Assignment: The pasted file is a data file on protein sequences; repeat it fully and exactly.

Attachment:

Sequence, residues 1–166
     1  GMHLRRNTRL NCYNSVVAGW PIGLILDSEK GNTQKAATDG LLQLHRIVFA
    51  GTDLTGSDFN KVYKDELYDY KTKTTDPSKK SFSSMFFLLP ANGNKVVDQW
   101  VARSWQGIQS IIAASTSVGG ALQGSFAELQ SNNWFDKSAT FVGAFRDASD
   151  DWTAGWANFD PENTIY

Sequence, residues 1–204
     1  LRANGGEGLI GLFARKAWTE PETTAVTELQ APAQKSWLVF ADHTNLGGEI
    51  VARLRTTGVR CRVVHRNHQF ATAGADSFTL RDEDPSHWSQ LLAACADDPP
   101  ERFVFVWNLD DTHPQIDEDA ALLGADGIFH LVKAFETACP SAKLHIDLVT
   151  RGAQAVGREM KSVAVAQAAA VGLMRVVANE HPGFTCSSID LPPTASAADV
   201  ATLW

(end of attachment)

Sequence, residues 1–166
     1  GMHLRRNTRL NCYNSVVAGW PIGLILDSEK GNTQKAATDG LLQLHRIVFA
    51  GTDLTGSDFN KVYKDELYDY KTKTTDPSKK SFSSMFFLLP ANGNKVVDQW
   101  VARSWQGIQS IIAASTSVGG ALQGSFAELQ SNNWFDKSAT FVGAFRDASD
   151  DWTAGWANFD PENTIY

Sequence, residues 1–204
     1  LRANGGEGLI GLFARKAWTE PETTAVTELQ APAQKSWLVF ADHTNLGGEI
    51  VARLRTTGVR CRVVHRNHQF ATAGADSFTL RDEDPSHWSQ LLAACADDPP
   101  ERFVFVWNLD DTHPQIDEDA ALLGADGIFH LVKAFETACP SAKLHIDLVT
   151  RGAQAVGREM KSVAVAQAAA VGLMRVVANE HPGFTCSSID LPPTASAADV
   201  ATLW